Osprey’s Next Jobs: Tanker or AWACS?

FARNBOROUGH, England — The V-22 Osprey’s program manager and his counterparts with Bell and Boeing have some high-tech aspirations for the future of their iconic — and controversial — tiltrotor.

Marine Col. Greg Masiello told reporters at the air show here Monday that the Osprey has only scratched the surface of the kinds of missions it could eventually take. Today, the big birds mostly ferry troops and equipment on the battlefield, but as more Ospreys enter service with more militaries, they could attempt any number of new missions.

Masiello said program officials are looking into giving an Osprey the capability to serve as a mid-air refueling tanker, a sort of miniature KC-130, which could trail a drogue and refuel another aircraft equipped with a U.S. Navy-style probe. That could include another Osprey, the way Navy carrier jets refuel each other, or almost any other aircraft with a refueling probe.

Masiello also said there’s no limit to the kinds of command and control, intelligence sensing and reconnaissance equipment an Osprey could carry. Defense contractors have had success building “sleds” of equipment that can just roll onto Coast Guard C-130 or HC-144A airplanes, and a future Osprey could copy that model.

This led a reporter to ask Masiello if it were possible than an Osprey could someday replace the Navy’s E-2 Hawkeye carrier-borne early-warning aircraft. Anything’s possible, Masiello responded, and although he was clear that today there is no formal Navy or Defense Department interest in such a concept, y’never know.

  • blight_

    How much internal carry space does a V-22 have for a fuel tank and the appropriate equipment? Not much, I thought?

    • Charley A.

      And how many pounds of transferable fuel can they lift?

    • tiger

      A lot more than say the buddy tanks on a F/A-18 or S-3.

      • blight_

        Perhaps we need to invest in conformal tanks, like the Israelis have on their F-16’s. Though those have their own caveats.

    • cconway

      o24 troops (seated), 32 troops (floor loaded), or
      o20,000 lb (9,070 kg) of internal cargo, or up to 15,000 lb (6,800 kg) of external cargo (dual hook)
      o1× Growler light internally transportable ground vehicle
      Plenty of room. There is already a conceptual design of roll-on-roll-off kit with tanks and a hose feeding out the bottom.

      The AEW version is a bit more difficult. However, the UK, India, Italy all have a need for this capability for their carriers/amphibious ships. Should be an opportunity there.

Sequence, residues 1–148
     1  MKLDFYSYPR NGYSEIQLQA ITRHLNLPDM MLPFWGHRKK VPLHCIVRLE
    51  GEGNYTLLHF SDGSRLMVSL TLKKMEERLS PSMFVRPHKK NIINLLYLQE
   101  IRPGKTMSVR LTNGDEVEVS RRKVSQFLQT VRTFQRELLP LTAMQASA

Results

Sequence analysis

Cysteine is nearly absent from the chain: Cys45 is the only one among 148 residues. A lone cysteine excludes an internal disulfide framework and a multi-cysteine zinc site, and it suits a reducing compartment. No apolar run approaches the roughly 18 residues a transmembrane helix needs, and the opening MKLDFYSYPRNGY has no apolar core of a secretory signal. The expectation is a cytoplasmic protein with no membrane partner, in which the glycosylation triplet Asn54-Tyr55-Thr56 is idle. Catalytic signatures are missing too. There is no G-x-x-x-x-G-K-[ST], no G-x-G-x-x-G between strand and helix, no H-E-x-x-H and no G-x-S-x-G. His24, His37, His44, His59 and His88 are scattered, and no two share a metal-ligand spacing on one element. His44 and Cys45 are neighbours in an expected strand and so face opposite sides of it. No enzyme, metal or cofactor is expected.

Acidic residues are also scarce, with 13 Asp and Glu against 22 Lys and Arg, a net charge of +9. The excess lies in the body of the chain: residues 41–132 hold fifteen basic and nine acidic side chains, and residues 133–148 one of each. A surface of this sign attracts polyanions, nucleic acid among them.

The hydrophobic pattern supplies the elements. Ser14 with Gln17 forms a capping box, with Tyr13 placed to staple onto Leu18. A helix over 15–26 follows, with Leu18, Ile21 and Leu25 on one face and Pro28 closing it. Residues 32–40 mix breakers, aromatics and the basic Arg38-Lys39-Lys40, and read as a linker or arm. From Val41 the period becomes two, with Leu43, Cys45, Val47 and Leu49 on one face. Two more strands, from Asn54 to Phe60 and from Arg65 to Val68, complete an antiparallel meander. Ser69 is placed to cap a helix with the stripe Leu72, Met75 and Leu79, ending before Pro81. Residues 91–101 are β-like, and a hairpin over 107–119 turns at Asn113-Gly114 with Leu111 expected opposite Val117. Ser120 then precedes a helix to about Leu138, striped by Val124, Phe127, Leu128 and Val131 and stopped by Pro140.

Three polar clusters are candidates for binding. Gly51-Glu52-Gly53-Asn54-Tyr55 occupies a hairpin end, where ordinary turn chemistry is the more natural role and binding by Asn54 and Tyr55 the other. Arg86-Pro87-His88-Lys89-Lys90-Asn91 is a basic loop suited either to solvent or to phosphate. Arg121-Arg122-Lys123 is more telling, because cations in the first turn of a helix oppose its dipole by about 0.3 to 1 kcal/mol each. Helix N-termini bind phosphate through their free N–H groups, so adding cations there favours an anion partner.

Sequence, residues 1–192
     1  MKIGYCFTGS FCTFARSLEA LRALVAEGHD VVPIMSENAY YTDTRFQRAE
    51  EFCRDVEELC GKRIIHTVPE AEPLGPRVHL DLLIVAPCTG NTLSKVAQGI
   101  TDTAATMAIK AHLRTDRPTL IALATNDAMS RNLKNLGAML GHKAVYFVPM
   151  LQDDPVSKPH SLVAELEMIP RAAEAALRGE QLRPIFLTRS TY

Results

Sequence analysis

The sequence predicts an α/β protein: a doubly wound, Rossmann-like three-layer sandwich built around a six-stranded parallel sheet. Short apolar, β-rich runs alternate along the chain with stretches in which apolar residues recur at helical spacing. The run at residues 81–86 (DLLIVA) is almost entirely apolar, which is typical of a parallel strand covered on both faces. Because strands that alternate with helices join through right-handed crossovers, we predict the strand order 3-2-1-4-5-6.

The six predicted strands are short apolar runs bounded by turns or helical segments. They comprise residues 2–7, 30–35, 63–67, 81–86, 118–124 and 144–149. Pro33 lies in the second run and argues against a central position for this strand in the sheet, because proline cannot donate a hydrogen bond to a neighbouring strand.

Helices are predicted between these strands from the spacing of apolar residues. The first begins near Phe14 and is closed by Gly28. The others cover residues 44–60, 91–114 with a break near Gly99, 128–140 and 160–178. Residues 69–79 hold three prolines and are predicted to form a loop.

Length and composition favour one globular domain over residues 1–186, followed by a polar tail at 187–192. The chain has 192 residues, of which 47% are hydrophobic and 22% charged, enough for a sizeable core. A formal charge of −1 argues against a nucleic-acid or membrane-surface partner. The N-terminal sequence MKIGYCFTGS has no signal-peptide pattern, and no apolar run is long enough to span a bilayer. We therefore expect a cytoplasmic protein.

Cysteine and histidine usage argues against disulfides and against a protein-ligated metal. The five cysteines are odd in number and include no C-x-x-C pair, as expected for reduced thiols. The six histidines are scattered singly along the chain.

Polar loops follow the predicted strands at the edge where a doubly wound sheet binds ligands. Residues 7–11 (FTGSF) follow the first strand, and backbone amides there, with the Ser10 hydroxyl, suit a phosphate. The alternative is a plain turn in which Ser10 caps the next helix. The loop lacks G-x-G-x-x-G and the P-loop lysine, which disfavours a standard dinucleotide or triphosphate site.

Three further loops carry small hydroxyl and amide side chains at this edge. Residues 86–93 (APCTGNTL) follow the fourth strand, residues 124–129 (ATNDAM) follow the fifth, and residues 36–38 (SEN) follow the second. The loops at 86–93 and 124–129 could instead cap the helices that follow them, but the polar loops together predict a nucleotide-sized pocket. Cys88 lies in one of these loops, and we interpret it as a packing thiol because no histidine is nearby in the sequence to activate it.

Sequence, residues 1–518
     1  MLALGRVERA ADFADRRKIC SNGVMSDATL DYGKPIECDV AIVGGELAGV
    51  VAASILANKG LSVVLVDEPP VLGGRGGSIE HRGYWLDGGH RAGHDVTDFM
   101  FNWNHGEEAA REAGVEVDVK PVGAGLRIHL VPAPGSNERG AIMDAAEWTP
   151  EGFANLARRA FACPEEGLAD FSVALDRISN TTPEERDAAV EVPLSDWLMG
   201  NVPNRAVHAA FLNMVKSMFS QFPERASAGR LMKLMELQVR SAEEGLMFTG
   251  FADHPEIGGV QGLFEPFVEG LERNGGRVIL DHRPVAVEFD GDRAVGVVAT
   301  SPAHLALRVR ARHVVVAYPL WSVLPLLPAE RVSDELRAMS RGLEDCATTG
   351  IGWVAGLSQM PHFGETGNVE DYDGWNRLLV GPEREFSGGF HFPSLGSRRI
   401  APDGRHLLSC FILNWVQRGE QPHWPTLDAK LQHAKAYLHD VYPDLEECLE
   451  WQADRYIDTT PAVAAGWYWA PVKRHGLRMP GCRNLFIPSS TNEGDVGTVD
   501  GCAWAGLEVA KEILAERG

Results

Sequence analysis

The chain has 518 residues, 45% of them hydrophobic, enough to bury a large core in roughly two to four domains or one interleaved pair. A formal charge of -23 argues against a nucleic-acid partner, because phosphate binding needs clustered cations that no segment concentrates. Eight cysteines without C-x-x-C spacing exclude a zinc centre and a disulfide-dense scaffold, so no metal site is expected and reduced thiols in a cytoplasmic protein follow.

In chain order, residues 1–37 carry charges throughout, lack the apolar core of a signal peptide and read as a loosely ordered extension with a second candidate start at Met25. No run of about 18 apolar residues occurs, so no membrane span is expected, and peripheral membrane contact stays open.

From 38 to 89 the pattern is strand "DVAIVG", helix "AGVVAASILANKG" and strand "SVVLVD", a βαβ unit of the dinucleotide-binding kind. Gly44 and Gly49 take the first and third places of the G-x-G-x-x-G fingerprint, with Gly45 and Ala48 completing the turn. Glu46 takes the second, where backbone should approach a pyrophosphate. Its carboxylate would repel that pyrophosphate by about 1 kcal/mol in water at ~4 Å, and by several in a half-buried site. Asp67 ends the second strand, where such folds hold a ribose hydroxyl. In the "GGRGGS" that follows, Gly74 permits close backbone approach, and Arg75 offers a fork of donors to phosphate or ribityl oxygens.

• Lance

    Hope not with the V-22s accident record I dont wont it for any other job.

  • jamesb

    sounds like a a/c LOOKING for MORE MISSONS……

  • Chris

    What about a carrier based spooky

    • guess

      Even better an Amphib based spooky. love the idea of giving an MEU its own dedicated gunship. Would come in handy pirate hunting. The possibilities…

      • Tonytitan

        Just imagine what a Spooky or Specter-configured Osprey could do to the “dreaded” Iranian terrorist boat swarm.

        • Guest

          Crash on them?

      • EW3

        Exactly right. Amphib based spooky.

        The whole idea of USMC air is to provide CAS. Spooky is the best at that.

  • Tad

    The first mission should be to survive the air show without crashing.

    • Earl

      Crashing like the Mig-29? Or the Airbus? Hmm…

    • Max

      And which air show was that? Learn some facts before you spout nonsense about my aircraft.

  • Black Owl

    I like the idea of another refueling aircraft on our carrier decks. I like Chris’ idea of a carrier-based spooky. I don’t like the idea of an AWACS. Why do we need it to be an AWACS when our current AWACS do the job much better? The E-2 Hawkeye is a purpose built AWACS and unless the V-22 can remain on station longer and have a lower accident rate I put my trust in the E-2 Hawkeye.

  • Guest

    What would the buffeting be like behind a v22 during refueling?

  • RunningBear

    The 58 C-2 Greyhound are getting long in the tooth (1989) and the commonality with the E-2D is slipping away. The C-2 vs. V-22; range without refueling 1300/ 880 nm,
    20.5/ 20 (15 external) Klb, 26/ 24 passengers, 82/ 0 knots (stall), 58/ 110 ct. (Jan 2012). Obviously the MV-22 will be the COD for the LHA/ LHD Gator Navy. Pros and Cons for both (USN), but feasible. ;)

    • cconway

      There is a real opportunity for the V-22 to capture the COD mission. Money is tight and the US Navy is slated to receive V-22s (according to the original plan, which the USN has not acted on to date) in the original contract. It is time for the US Navy to bring on a very capable asset that can land on all the amphibs, the carrier and most replenishment ships, in the form of a V-22 COD. The tanker and AEW&C version should be funded, developed and fielded in time to support our USS America (LHA-6) Amphibious Assault Ships, and perhaps a Light Carrier (LHA-6 with 20 F-35Bs). I can easily foresee a day that the USS Makin Island and a USS America Class Light Carrier so equipped, could respond to this “Island Hopping Menace” we are seeing develop in the Pacific. Cheaper that a full Carrier Strike Group.